Many people have a false impression of what it is like to go into public ministry as a Christian. They think that if they work hard and are faithful to God, that God will bless them by making their hard work and genuine service obvious to all, so that they earn respect from all around them, at least from all the Christians. But the opposite is often true. If you faithfully serve God in ministry you will probably be ridiculed, despised, teased, even by other Christians! When you become a public servant of Christ, God will allow your weaknesses to be exposed in front of everyone. The Apostle Paul put it this way:
For it seems to me that God has put us apostles on display at the end of the procession, like those condemned to die in the arena. We have been made a spectacle to the whole universe, to angels as well as to human beings. (I Corinthians 4:9)
Today the names of the twelve Apostles have become legend, so that they are usually spoken of with honor and respect. But such was not the case when they actually walked on Earth. They were despised by many, and even other Christians had contempt for them. They no doubt seemed to be almost comical figures, traveling across deserts and oceans to cultures they did not fully understand to speak of a dead person whom they claimed had been raised from the dead. They had to fight with many emotional and physical trials just like other humans, and they made mistakes. They were always under spiritual attack from Satan, and even some of those whom they led to Christ would later turn on them and mock them. Paul here gives a vivid picture of what it was like to be an apostle. He felt us if God has put us apostles on display at the end of the procession, like those condemned to die in the arena. In short, he felt like a prisoner who was being publicly humiliated before a gruesome execution. He felt that every eye looking at him judged him, despised him; was astonished at his ragged and desperate state of body and mind. That is what it was like to be an Apostle. It was not about being treated with respect, walking about with a visible halo around one’s head, and having people kneel willingly to kiss your hand. It was about being ridiculed by enemies, deserted by friends, and dismissed by intellectuals. That is what being a faithful minister of God is still like today. A godly minister will still be mistreated and misunderstood in the 21st century the same way that the original apostles were.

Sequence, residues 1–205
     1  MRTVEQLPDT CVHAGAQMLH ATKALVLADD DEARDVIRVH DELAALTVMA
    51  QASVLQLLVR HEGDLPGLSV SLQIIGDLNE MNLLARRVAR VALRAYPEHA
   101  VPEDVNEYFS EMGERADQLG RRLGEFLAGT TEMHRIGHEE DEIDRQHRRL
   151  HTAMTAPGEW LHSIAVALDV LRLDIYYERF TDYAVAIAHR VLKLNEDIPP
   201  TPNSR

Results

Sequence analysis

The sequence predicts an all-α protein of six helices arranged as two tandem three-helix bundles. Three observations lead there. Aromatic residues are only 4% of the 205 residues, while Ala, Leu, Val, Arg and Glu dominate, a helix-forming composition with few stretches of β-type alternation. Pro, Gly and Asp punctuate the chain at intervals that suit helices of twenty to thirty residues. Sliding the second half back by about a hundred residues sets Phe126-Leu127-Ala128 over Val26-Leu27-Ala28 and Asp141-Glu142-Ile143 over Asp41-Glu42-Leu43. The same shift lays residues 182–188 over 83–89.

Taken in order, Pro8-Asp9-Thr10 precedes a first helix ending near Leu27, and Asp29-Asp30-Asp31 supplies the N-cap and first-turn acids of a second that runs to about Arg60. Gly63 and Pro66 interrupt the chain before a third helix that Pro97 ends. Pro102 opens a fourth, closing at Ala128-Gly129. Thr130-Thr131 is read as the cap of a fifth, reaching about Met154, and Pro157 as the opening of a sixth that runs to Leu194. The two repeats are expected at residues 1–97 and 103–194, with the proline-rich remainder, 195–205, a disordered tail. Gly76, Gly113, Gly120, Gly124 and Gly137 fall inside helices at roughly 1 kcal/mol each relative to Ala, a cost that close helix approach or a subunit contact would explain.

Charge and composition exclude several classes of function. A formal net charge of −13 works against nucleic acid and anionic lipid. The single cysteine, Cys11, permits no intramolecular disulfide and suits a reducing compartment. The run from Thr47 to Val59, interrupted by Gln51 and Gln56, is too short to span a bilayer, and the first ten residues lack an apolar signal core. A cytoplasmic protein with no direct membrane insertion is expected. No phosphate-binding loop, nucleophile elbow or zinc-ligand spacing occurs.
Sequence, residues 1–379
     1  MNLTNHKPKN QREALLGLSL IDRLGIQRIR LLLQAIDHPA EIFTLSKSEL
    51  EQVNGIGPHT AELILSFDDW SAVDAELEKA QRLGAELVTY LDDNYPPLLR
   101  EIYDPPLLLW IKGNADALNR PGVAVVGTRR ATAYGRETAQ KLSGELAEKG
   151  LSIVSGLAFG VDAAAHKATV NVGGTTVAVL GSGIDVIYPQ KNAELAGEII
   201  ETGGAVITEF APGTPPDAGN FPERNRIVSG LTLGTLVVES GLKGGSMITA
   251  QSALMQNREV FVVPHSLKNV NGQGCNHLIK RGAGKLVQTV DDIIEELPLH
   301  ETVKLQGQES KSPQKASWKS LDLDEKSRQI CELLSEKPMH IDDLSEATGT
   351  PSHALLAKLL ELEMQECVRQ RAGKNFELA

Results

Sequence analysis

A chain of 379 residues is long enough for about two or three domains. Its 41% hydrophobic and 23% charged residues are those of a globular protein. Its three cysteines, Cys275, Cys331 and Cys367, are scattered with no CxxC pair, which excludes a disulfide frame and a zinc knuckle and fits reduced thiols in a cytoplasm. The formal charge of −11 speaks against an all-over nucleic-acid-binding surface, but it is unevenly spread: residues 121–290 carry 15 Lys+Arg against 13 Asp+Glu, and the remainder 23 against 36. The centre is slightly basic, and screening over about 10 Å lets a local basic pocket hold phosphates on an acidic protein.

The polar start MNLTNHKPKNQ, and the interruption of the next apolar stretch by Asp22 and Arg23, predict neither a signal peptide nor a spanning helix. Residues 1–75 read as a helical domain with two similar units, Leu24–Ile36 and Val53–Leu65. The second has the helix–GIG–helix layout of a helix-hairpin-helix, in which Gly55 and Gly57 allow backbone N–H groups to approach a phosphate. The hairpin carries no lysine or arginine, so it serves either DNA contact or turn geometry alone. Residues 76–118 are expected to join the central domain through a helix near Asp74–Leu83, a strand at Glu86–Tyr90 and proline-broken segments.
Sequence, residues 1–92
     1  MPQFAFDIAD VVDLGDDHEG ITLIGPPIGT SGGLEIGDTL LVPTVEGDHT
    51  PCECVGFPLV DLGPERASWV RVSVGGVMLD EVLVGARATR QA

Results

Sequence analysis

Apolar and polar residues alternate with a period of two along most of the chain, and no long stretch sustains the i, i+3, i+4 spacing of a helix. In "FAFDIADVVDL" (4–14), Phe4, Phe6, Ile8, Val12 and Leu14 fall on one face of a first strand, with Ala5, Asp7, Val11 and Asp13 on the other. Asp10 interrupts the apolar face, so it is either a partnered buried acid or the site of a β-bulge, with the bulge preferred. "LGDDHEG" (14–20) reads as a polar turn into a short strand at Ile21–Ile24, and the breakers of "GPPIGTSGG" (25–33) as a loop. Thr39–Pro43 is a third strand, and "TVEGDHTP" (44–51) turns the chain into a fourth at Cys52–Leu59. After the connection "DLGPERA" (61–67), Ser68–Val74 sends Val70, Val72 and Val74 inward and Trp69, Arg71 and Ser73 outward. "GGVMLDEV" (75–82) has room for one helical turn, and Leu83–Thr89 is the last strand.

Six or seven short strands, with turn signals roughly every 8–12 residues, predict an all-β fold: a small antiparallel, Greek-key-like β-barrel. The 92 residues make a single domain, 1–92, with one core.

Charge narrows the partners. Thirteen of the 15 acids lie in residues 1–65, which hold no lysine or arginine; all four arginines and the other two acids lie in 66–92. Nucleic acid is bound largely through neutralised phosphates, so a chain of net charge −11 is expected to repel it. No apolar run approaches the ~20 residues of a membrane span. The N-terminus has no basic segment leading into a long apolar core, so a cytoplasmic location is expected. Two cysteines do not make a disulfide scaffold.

If you are a minister reading this right now, you no doubt know that what I am saying is true. I have never experienced it myself, but I have seen the trials that many others have had to undergo as vocational preachers, teachers, and missionaries. Anyone can see these trials if they pay attention and look close enough. To you who are not vocational ministers I give this charge: treat your ministers properly, with respect and love. Do not be one of those who snicker, making fun of their weaknesses or speech impediments behind their backs. Don’t slander their character or their hard work just because you may disagree with them on minor theological points. Know this: that these servants of God whom you mock and despise right now will someday be praised publicly by God for putting up with fools such as yourselves!
Here is some encouragement to all who have to put up with foolish people for the sake of the gospel:
“Blessed are you when people insult you, persecute you and falsely say all kinds of evil against you because of me. 12 Rejoice and be glad, because great is your reward in heaven, for in the same way they persecuted the prophets who were before you. (Matthew 5:11-12)